The father of one of the three Israeli hostages mistakenly killed by Israeli forces has an unambiguous message for Prime Minister Benjamin Netanyahu’s government.
“I’m going to say this [to] the government. You murdered my son twice,” Avi Shamriz told NBC News’ Hallie Jackson on Monday. “You let Hamas take my son on Oct. 7, and you killed my son on Dec. 14.”
Israeli military forces accidentally shot and killed Shamriz’s 26-year-old son, Alon, during intense fighting with Hamas militants on Friday, nearly 70 days after he was kidnapped.
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The troops also mistakenly killed two other hostages, identified by the military as Yotam Haim and Samer Talalka.
Avi Shamriz, who spoke to NBC News from the Shefayim kibbutz, expressed contempt for Netanyahu’s government, which has come under fierce scrutiny for appearing to be caught off guard by the Hamas assault on Israel on Oct. 7. The attack killed more than 1,200 people.
“They cannot serve us,” Shamriz said of Netanyahu’s government. “They don’t deserve us, as a country, as a community. They are not our leaders. They are thinking only of themselves, on their chairs, on their salaries.”
“They are not thinking about the hostages,” he added. “They are not thinking about us.”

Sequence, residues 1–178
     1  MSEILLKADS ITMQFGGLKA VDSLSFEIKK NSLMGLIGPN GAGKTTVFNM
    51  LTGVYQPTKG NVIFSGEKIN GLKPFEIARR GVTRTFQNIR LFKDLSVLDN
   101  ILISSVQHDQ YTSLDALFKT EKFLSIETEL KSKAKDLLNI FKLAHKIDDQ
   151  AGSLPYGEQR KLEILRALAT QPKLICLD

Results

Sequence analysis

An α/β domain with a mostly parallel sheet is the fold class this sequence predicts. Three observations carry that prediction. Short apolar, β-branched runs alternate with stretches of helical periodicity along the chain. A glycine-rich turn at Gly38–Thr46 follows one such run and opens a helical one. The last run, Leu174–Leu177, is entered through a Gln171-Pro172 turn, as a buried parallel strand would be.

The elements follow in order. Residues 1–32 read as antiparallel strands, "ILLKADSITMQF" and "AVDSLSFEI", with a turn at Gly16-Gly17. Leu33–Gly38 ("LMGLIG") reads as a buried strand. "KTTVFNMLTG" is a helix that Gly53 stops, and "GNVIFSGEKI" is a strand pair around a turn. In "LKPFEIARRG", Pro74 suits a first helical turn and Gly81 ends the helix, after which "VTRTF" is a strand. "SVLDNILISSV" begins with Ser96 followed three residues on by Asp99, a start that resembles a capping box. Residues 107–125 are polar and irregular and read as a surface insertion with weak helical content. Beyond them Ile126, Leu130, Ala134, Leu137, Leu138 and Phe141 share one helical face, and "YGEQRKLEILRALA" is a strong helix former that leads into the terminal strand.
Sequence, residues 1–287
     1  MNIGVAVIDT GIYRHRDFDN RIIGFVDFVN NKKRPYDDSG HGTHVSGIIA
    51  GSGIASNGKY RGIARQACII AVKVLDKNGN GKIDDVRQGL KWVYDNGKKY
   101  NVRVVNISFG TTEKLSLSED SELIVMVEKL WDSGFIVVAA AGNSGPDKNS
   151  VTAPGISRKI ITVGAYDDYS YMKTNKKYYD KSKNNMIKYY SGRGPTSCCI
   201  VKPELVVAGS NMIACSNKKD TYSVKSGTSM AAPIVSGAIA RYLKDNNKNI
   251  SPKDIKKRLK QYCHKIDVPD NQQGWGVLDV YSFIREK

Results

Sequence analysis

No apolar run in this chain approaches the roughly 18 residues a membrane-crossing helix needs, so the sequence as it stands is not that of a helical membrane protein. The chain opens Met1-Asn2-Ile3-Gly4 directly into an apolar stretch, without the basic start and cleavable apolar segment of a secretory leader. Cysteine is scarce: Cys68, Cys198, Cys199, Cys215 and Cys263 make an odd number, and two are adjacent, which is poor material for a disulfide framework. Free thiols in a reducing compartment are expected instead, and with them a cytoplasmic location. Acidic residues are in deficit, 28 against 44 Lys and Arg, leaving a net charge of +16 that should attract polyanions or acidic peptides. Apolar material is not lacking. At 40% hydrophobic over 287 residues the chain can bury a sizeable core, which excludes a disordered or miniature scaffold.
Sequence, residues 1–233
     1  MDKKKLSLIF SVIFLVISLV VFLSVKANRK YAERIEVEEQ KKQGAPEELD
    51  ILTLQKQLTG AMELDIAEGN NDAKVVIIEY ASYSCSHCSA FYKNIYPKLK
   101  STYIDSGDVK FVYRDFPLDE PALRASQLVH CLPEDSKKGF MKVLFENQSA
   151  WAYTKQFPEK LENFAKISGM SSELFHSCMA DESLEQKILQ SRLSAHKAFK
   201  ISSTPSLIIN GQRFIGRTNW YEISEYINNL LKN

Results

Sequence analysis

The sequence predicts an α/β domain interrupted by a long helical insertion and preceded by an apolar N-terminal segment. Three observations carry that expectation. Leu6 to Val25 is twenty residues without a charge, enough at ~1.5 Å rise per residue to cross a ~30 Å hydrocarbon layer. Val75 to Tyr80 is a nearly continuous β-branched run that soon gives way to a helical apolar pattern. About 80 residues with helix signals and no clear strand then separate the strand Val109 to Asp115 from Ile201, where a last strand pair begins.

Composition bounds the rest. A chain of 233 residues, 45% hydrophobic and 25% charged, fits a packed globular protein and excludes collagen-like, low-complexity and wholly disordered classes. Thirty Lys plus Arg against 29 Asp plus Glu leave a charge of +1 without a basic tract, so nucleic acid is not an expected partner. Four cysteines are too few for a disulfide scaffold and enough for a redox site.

In recent days, anger over the accidental killings has swelled. Hundreds of demonstrators took to the streets of Tel Aviv on Saturday, and many Israelis have pressed the government to renew negotiations with Hamas to secure the immediate release of the dozens of remaining hostages.
Israel’s prime minister expressed his condolences in a post on the social media platform X on Friday.
“The entire state of Israel will mourn this evening,” Netanyahu said in the post, adding that “this is a combat zone where there have been many incidents in recent days. Immediate lessons from the event are now being passed on to all the fighting forces in the field.”
Netanyahu has also drawn international condemnation for Israel’s military offensive in Gaza, where more than 19,400 people have been killed and more than 52,000 wounded since Oct. 7, according to Palestinian health authorities; 90% of the population has been displaced, according to the United Nations.
President Joe Biden, in remarks three days before the accidental killings, warned that Israel is losing support worldwide and suggested that Netanyahu needs to make changes to his government.
The accidental killings happened in Shijaiyah, a Gaza neighborhood that is considered a Hamas stronghold. In the midst of combat, according to the Israel Defense Forces, troops “mistakenly identified three Israeli hostages as a threat.”
“The troops fired toward them and they were killed,” said Rear Adm. Daniel Hagari, the IDF’s chief spokesperson. He added that their bodies were transported to Israeli territory, where their identities were confirmed.
The Hostages and Missing Persons Families Forum, which advocates for the hostages and their loved ones, released a statement Friday that said in part: “We share in the profound grief of the Shamriz family.”
Liat Bell Sommer, a spokesperson for the forum, said Shamriz was described by family and friends as a “lover of life” and a “dedicated basketball fan.”
He had been accepted to study computer engineering at Sapir College, in the Negev desert, before he was taken from the Kzar Aza kibbutz.
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